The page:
David DuBose, vice president of Sedlak Supply Chain Consultants, defines "optimization" as it relates to supply-chain management today, and details some of the drivers behind that concept.
Q: What does “supply chain strategy and optimization” mean to you?
DuBose: I think about it as the framework of the supply chain. Where are the facilities, and where are they relative to one another? How were the logistics of the organization set up in terms of inbound trucking, or any type of transportation? It’s about defining the roles of those facilities so that they're as efficient as they can be.
Q: Turning to the marketplace, what are the biggest business issues and drivers at work today?
DuBose: Looking at the retail vertical, store volumes are trending downwards, while e-commerce volumes continue to grow at double-digit rates. If you’re an omnichannel retailer that uses both brick-and-mortar stores and e-commerce, how do you use store infrastructure to serve as points of distribution?
Q: How well a job are companies doing treating inventory as one big pool, regardless of where it is?
DuBose: That’s in a bit of flux right now. There are some system-related barriers to doing that. It has to do with whether the company wants a facility that serves e-commerce and store replenishment at the same time.
Q: A lot of companies simply can’t afford to have separate facilities for those purposes.
DuBose: It depends on the scale. Those two types of operations are very different. You're using high-speed sortation and robots and all that kind of fancy stuff to make everything work properly. You’ve got to figure out how to manage the flow of product and bucket of inventory the most effectively. Because you’re tying up working capital, and there are tradeoffs to consider.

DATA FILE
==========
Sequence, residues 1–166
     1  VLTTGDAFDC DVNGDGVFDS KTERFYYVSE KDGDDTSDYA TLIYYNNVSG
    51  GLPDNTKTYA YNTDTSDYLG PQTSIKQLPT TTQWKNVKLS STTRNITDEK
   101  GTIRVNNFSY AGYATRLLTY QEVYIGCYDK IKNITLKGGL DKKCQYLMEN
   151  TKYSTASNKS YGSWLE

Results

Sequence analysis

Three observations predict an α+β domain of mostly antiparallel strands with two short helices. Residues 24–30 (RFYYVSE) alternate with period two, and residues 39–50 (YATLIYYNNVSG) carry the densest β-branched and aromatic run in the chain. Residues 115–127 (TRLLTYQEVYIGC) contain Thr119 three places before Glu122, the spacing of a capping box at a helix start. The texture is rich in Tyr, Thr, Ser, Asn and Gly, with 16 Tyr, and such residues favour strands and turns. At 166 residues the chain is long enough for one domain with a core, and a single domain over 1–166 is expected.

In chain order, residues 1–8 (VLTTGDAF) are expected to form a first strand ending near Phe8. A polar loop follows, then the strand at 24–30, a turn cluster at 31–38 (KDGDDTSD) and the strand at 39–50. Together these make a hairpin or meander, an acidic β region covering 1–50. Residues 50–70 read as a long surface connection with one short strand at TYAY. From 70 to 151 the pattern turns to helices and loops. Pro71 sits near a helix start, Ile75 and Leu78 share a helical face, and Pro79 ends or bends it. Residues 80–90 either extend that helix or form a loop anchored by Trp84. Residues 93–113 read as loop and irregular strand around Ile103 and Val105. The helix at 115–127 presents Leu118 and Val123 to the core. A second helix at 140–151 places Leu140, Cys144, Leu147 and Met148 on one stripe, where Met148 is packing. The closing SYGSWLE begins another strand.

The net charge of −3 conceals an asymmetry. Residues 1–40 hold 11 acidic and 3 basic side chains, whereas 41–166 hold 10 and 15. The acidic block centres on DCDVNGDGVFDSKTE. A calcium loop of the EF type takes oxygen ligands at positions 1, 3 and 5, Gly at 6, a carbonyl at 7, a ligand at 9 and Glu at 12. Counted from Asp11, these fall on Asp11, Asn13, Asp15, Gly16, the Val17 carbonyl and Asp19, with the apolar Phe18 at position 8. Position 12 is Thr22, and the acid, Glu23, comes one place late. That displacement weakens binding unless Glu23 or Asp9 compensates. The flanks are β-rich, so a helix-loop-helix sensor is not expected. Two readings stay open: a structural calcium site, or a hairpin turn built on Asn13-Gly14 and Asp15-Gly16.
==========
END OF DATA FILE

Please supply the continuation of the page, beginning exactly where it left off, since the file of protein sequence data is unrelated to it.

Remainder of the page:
Q: Is the whole reason behind the drive for optimization today changing? In the past, it might have been to cut costs. Now there's an imperative to serve customers in a manner that’s so efficient that it might not cut costs, but do the opposite. Is that a possibility?
DuBose: That’s absolutely true. Today you’re thinking about how to building service levels into your modeling. The service dynamic is taking on a larger and larger meaning, and is weighted more heavily.
Q: Where are the pain points? What are the hardest things for your customers and clients to achieve, to reach the goals we're talking about here?
DuBose: It’s about dealing with your asset base – whether it’s a combination facility, serving e-commerce or playing a specific role. Customers want things sooner. And the technology options have changed, in terms of the material-handling equipment that's available to the distribution center. These are multi-million-dollar decisions, and they take a while to execute.
Q: What are the big systems and changes in technology that are most valuable today?
DuBose: We we went through the phase where everybody put in an ERP [enterprise resource planning] system. Now there are really robust capabilities in supply-chain planning and execution systems, and very specialized systems for hard-to-forecast items. The trick is, how do you navigate all that? And how do you get these systems to integrate? You’ve got some I.T. work to do on the back end to make it all hook together. There’s a dizzying array of things that you can put into place, but being smart about how you do it's important.
Q: Make the business case for why companies should take action in this direction.
DuBose: Every situation is different. But these projects tend to be associated with healthy paybacks. You can find certainly high single-digit improvements almost routinely. And double-digit improvements are not uncommon at all. There's money to be spent, but when you leverage the state-of-the-art tools that are out there, you can find huge results.
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